7.11 Differentiable Clustering with Perturbed Spanning Forests
We introduce a differentiable clustering method based on stochastic perturbations of minimumweight spanning forests. This allows us to include clustering in endtoend trainable pipelines, with efficient gradients. We show that our method performs well even in difficult settings, such as data sets with high noise and challenging geometries. We also formulate an ad hoc loss to efficiently learn from partial clustering data using this operation. We demonstrate its performance on several data sets for supervised and semisupervised tasks.
7.12 On the impact of activation and normalization in obtaining isometric embeddings at initialization
In this work, we explore the structure of the penultimate Gram matrix in deep neural networks, which contains the pairwise inner products of outputs corresponding to a batch of inputs. In several architectures it has been observed that this Gram matrix becomes degenerate with depth at initialization, which dramatically slows training. Normalization layers, such as batch or layer normalization, play a pivotal role in preventing the rank collapse issue. Despite promising advances, the existing theoretical results do not extend to layer normalization, which is widely used in transformers, and can not quantitatively characterize the role of nonlinear activations. To bridge this gap, we prove that layer normalization, in conjunction with activation layers, biases the Gram matrix of a multilayer perceptron towards the identity matrix at an exponential rate with depth at initialization. We quantify this rate using the Hermite expansion of the activation function.
7.13 Kernelized diffusion maps
Spectral clustering and diffusion maps are celebrated dimensionality reduction algorithms built on eigenelements related to the diffusive structure of the data. The core of these procedures is the approximation of a Laplacian through a graph kernel approach, however this local average construction is known to be cursed by the highdimension d. In this paper, we build a different estimator of the Laplacian’s eigenvectors, via a reproducing kernel Hilbert space method, which adapts naturally to the regularity of the problem. We provide nonasymptotic statistical rates proving that the kernel estimator we build can circumvent the curse of dimensionality when the problem is well conditioned. Finally we discuss techniques (Nystrom subsampling, Fourier features) that enable to reduce the computational cost ¨ of the estimator while not degrading its overall performance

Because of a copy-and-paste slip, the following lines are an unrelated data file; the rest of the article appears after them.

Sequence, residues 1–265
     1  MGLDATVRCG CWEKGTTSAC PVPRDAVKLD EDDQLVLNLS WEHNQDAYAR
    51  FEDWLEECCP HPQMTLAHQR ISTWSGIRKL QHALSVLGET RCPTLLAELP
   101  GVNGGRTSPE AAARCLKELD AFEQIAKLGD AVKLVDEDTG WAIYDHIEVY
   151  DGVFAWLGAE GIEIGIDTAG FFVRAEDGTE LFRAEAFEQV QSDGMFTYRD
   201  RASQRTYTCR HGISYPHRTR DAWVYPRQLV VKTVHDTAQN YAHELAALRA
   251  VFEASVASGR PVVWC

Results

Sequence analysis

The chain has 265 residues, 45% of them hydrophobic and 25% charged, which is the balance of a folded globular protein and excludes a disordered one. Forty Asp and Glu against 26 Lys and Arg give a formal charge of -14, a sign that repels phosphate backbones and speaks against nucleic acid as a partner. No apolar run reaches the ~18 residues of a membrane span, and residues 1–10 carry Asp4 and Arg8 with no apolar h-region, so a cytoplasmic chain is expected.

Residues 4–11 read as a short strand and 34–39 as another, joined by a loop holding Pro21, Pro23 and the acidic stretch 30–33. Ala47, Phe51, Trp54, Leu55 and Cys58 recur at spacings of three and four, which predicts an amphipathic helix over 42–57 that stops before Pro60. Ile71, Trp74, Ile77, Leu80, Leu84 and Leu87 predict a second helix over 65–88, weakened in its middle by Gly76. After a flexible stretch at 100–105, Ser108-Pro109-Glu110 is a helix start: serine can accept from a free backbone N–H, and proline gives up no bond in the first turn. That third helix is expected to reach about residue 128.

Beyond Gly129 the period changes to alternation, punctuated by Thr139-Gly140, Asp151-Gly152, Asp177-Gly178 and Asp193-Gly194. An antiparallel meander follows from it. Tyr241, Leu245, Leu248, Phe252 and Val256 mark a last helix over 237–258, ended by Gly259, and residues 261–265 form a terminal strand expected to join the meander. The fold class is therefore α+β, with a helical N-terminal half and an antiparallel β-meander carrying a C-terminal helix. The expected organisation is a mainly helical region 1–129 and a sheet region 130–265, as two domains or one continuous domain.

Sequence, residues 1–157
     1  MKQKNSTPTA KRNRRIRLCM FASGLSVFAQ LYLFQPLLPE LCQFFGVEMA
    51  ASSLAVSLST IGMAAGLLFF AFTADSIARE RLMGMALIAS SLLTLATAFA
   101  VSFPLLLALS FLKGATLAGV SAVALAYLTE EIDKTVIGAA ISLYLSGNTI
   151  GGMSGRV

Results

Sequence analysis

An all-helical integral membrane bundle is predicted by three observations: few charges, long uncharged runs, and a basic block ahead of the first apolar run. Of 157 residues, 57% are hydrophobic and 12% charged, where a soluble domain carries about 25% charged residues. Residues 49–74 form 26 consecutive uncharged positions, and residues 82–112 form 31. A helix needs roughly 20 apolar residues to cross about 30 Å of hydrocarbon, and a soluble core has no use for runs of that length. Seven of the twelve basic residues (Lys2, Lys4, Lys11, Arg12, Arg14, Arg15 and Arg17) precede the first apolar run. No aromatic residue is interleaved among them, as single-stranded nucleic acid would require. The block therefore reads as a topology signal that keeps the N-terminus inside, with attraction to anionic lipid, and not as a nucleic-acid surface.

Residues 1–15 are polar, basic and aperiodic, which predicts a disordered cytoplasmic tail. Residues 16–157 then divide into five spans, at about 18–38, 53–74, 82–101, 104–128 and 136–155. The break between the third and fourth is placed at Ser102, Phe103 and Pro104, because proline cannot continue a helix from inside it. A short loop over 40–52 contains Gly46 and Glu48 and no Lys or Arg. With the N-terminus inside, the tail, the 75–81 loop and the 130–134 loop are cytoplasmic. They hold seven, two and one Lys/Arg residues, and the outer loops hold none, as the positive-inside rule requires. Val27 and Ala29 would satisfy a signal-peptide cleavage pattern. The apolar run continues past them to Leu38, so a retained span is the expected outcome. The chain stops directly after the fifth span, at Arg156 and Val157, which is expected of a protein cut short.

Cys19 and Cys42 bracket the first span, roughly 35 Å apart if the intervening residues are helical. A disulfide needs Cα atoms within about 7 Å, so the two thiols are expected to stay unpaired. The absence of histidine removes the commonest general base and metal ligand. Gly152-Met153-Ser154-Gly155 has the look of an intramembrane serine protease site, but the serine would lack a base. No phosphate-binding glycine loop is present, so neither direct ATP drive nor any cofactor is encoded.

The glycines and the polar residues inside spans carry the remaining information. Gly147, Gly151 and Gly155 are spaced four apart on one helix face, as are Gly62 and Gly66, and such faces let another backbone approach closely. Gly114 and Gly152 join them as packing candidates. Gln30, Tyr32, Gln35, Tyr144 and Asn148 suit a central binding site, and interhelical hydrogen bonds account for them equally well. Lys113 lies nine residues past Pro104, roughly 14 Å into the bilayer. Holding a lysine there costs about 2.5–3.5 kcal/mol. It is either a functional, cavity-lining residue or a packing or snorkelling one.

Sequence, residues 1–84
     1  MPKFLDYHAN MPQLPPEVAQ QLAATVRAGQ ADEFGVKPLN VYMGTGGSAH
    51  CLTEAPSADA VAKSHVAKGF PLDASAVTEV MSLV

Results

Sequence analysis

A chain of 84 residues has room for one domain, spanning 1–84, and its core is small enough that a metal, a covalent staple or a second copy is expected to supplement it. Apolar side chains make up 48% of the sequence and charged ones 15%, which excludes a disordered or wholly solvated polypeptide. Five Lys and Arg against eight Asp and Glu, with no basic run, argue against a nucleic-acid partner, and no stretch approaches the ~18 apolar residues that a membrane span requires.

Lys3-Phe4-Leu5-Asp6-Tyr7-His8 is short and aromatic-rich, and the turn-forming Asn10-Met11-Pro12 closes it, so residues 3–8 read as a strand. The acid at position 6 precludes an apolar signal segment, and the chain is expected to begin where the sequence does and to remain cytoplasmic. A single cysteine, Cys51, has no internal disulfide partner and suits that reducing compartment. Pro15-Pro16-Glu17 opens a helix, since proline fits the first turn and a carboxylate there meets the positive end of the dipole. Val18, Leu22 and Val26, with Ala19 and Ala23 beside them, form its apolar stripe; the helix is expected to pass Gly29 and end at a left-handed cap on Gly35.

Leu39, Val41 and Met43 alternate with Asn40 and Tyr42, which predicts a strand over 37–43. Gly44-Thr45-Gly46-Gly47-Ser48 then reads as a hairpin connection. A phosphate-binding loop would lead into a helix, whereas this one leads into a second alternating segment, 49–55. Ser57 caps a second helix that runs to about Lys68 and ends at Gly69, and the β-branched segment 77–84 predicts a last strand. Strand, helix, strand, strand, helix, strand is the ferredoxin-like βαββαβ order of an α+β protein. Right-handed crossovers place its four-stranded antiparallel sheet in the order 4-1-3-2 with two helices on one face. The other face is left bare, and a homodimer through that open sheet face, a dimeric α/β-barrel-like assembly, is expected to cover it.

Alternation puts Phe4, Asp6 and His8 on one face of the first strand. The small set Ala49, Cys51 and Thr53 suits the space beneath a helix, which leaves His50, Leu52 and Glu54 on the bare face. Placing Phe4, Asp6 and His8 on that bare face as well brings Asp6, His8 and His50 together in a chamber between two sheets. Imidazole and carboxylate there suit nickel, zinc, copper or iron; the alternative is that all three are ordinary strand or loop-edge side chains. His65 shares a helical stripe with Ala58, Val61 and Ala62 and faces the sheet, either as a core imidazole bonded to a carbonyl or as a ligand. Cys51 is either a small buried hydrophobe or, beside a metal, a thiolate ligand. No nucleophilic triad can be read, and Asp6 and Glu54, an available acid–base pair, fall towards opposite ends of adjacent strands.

7.14 Convergence rates for nonlogconcave sampling and logpartition estimation
Sampling from Gibbs distributions $p\left(x\right)\propto exp(V(x)/\epsilon )$ and computing their logpartition function are fundamental tasks in statistics, machine learning, and statistical physics. However, while efficient algorithms are known for convex potentials $V$ , the situation is much more difficult in the nonconvex case, where algorithms necessarily suffer from the curse of dimensionality in the worst case. For optimization, which can be seen as a lowtemperature limit of sampling, it is known that smooth functions $V$ allow faster convergence rates. Specifically, for mtimes differentiable functions in $d$ dimensions, the optimal rate for algorithms with n function evaluations is known to be $O({n}^{m/d}$, where the constant can potentially depend on m, d and the function to be optimized. Hence, the curse of dimensionality can be alleviated for smooth functions at least in terms of the convergence rate. Recently, it has been shown that similarly fast rates can also be achieved with polynomial runtime $O\left({n}^{3.5}\right)$, where the exponent $3.5$ is independent of $m$ or $d$. Hence, it is natural to ask whether similar rates for sampling and logpartition computation are possible, and whether they can be realized in polynomial time with an exponent independent of $m$ and $d$. We show that the optimal rates for sampling and logpartition computation are sometimes equal and sometimes faster than for optimization. We then analyze various polynomialtime sampling algorithms, including an extension of a recent promising optimization approach, and find that they sometimes exhibit interesting behavior but no nearoptimal rates. Our results also give further insights on the relation between sampling, logpartition, and optimization problems.
7.15 Nonparametric Linear Feature Learning in Regression Through Regularisation